In this section, we describe the entity similarity measures that underlie document similarity (Sect. 3.2). Using the enriched annotations in semantically expanded documents, we are able to compute entity similarity metrics efficiently and without performing graph traversal. Analogous to document expansion, similarity computation is divided into hierarchical and transversal parts. To benefit of both, we combine transversal and hierarchical scores into one entity similarity score, using normalized (by mean and variance) versions of hierSim and transSim :
$$\begin{aligned} sim_{ent}(e_1, e_2) = transSim^{norm}(e_1, e_2) + hierSim^{norm}(e_1, e_2) \end{aligned}$$
(1)
Hierarchical Entity Similarity: In hierarchical document expansion, each annotation gets enriched with the name and depth of its ancestor categories. We define hierarchical entity similarity:
$$\begin{aligned} hierSim(e_1,e_2) = 1 - d(e_1,e_2) \end{aligned}$$
(2)
For d, we use one of the two taxonomical distance measures \(\mathbf d _\mathbf ps \) [18] and \(\mathbf d _\mathbf tax \) [4], as inspired by Palma et al. [17]. Both \(d_{ps}\) and \(d_{tax}\) utilize the graph-theoretic concept of Lowest Common Ancestor (LCA). For nodes x and y, we define the LCA as a random representative from the subset of deepest nodes of x’s and y’s ancestors overlap.
Let \(d(a,b) = |depth(a)-depth(b)|\), if a is an ancestor of b or vice versa, and \(d(a,b) = 0\) otherwise. \(d_{tax}\), as shown in Eq. 3 follows the notion that the closer two nodes are to their LCA compared to their overall depth, the higher the score. \(d_{ps}\) (Eq. 4) expresses distance in terms of the distance of two entities to their LCA compared to the LCA’s depth:
$$\begin{aligned} d_{tax}(x,y) = \frac{d(lca(x,y),x) + d(lca(x,y),y)}{d(root,x)+d(root,y)} \end{aligned}$$
(3)
$$\begin{aligned} d_{ps}(x,y) = 1 - \frac{d(root,lca(x,y))}{d(root,lca(x,y))+d(lca(x,y),x) + d(lca(x,y),y)} \end{aligned}$$
(4)
Transversal Entity Similarity: Given two annotations \(a_1,a_2\) and expansion radius L, we find paths of length up to \(2*L\) that connect them, then compute a score depending on the length and number of those paths. We first compute \(trans(a_1,a_2)\) in Eq. 5, with \(paths_{(a_1,a_2)}^{(l)}\) the set of paths of length l based on outgoing edges from the annotations.
$$\begin{aligned} trans(a_1,a_2) = \sum \limits _{l=0}^{L*2} \beta ^l * |paths_{(a_1,a_2)}^{(l)}| \end{aligned}$$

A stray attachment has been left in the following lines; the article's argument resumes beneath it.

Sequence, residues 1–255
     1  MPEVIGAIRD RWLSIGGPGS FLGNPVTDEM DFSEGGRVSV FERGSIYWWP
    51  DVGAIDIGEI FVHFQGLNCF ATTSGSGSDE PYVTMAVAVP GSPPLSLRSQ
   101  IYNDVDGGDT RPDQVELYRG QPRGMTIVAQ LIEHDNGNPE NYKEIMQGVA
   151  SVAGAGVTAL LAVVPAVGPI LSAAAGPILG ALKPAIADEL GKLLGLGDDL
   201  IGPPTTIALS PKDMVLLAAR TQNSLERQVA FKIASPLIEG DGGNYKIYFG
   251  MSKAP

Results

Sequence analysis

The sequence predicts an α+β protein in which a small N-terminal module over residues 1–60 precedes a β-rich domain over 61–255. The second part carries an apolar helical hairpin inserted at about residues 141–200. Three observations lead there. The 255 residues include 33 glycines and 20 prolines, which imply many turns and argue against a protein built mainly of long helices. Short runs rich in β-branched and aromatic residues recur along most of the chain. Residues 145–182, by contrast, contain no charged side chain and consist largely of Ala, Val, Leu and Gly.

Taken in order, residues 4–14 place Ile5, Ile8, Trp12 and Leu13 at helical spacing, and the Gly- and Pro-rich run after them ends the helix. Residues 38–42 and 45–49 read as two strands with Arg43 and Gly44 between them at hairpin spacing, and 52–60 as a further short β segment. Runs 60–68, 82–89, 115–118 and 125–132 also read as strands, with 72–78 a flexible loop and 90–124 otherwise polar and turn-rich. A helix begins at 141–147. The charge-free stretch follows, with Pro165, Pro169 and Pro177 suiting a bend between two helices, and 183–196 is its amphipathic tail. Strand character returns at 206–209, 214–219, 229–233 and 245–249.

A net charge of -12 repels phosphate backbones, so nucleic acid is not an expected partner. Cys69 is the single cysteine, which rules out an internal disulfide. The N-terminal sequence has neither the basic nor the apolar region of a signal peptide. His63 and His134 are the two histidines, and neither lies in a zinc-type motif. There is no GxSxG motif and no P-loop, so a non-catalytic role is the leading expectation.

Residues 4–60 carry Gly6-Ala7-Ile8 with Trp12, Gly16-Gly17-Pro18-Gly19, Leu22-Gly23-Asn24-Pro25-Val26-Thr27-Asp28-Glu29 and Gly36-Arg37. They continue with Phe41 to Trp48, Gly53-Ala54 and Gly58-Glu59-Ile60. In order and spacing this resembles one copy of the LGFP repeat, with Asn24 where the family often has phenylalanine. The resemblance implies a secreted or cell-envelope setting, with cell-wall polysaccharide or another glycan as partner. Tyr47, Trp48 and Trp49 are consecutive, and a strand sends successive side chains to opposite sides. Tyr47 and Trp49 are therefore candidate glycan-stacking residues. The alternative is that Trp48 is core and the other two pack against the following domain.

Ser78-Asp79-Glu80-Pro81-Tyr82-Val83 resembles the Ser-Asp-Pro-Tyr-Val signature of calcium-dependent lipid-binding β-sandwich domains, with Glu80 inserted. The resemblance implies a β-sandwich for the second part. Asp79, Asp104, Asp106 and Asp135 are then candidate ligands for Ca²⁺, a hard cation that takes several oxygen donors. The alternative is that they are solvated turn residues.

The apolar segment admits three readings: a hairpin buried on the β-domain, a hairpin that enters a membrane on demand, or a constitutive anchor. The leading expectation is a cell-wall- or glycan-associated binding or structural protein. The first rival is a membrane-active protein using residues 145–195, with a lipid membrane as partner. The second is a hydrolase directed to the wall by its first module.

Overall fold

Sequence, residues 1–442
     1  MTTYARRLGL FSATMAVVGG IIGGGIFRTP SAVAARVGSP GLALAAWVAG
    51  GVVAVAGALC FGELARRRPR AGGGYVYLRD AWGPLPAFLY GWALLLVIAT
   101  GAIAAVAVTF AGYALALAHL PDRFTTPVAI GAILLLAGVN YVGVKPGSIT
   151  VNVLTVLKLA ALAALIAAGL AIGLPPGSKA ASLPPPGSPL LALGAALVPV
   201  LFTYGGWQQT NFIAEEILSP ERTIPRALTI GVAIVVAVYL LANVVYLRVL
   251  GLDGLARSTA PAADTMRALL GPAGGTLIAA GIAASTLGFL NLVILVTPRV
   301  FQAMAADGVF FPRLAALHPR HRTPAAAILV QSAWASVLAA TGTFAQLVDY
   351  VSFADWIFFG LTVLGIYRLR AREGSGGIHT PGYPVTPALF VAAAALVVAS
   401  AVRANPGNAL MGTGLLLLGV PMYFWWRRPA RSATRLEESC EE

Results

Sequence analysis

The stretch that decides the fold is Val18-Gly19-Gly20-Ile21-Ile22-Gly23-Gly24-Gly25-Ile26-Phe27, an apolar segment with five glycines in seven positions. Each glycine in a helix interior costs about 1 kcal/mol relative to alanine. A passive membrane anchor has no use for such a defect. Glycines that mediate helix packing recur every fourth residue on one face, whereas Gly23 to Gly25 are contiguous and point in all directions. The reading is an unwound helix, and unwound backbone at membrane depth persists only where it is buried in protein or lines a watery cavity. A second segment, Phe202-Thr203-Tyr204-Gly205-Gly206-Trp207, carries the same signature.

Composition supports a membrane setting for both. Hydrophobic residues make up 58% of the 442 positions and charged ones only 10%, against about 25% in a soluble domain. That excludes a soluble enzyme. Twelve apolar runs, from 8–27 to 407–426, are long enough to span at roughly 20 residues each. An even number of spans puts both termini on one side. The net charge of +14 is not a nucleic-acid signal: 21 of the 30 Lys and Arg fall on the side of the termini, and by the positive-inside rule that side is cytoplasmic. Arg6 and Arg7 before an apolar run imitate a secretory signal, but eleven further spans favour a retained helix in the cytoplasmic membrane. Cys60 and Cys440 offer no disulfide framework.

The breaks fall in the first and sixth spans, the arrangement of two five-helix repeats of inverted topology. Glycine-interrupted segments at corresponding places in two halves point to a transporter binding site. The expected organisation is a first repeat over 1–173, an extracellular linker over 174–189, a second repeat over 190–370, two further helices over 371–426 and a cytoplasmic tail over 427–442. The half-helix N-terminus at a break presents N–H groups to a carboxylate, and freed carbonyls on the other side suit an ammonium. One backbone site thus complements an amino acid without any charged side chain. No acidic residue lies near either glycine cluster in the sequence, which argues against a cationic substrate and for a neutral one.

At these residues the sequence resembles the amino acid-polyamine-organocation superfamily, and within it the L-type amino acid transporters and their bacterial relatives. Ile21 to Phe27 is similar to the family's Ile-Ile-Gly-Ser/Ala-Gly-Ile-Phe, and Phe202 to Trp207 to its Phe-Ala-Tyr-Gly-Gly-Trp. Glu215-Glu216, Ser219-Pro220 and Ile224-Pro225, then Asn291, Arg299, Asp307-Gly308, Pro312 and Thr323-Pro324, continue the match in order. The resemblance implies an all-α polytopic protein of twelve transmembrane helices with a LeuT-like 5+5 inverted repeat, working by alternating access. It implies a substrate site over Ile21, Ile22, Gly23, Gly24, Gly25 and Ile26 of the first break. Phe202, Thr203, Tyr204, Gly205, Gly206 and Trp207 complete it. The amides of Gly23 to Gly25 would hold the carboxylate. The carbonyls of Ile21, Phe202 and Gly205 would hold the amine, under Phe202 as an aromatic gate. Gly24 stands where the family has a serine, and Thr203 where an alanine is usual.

(5)
The formula is inspired by Nunes et al.’s Semantic Connectivity Score in [16]. However, instead of finding paths through graph traversal, we use the weights assigned to all entities in \(a_1\)’s and \(a_2\)’s respective L-step transversal neighborhood during document expansion. Let \(paths_{(a_1,e,a_2)}\) denote the concatenation of \(paths_{(a_1,e)}\) and \(paths_{(a_2,e)}\), i.e. all paths from either annotation that connect it to e. With \(a_i\)’s neighborhood \(N(a_i)\), it is \(\sum \limits _{l=0}^{L*2} \beta ^l * |paths_{(a_1,a_2)}^{(l)}|\)
$$\begin{aligned}&=\sum \limits _{e \in N(a_1) \cap N(a_2)}^{}(\sum \limits _{l=0}^{L*2} \beta ^l * |paths_{(a_1,e,a_2)}^{(l)}|) \\ \nonumber&=\sum \limits _{e \in N(a_1) \cap N(a_2)}^{}((\sum \limits _{i=0}^{L} \beta ^{i} * |paths_{(a_1,e)}^{(i)}|) * (\sum \limits _{j=0}^{L} \beta ^{j} * |paths_{(a_1,e)}^{(j)}|)) \\ \nonumber&=\sum \limits _{e \in N(a_1) \cap N(a_2)}^{} w_{a_1}(e) * w_{a_2}(e) \end{aligned}$$
(6)
This makes \(trans_{a_1,a_2}\) easy to compute. Also, it is easily extendable to work with bidirectional expansion and paths: when considering edges of both directionalities, paths of length > 2L will overlap on multiple nodes. This effect can be counteracted by penalizing path contribution depending on its length.
Finally, we receive our transversal similarity measure by normalizing the score:
$$\begin{aligned} transSim(a_1, a_2) = \frac{trans(a_1, a_2)}{trans(a_1, a_1)} \end{aligned}$$
(7)

3.2 Document Similarity

Analyzing pairwise relationships between two documents’ annotations makes it possible to explicitly assess how each single annotation corresponds to another document. We regard two documents as similar if many of a documents’ annotations are related to at least one annotation in the respective other document. In other words, given two documents, we want to connect each entity of both annotation sets with its most related counterpart. Unlike some other approaches [5, 17], we do not aim for a 1-1 matchings between annotations - we argue that equal or similar concepts in two documents can be represented by varying numbers of annotations, in particular when using automatic entity extraction. Our approach works in three steps: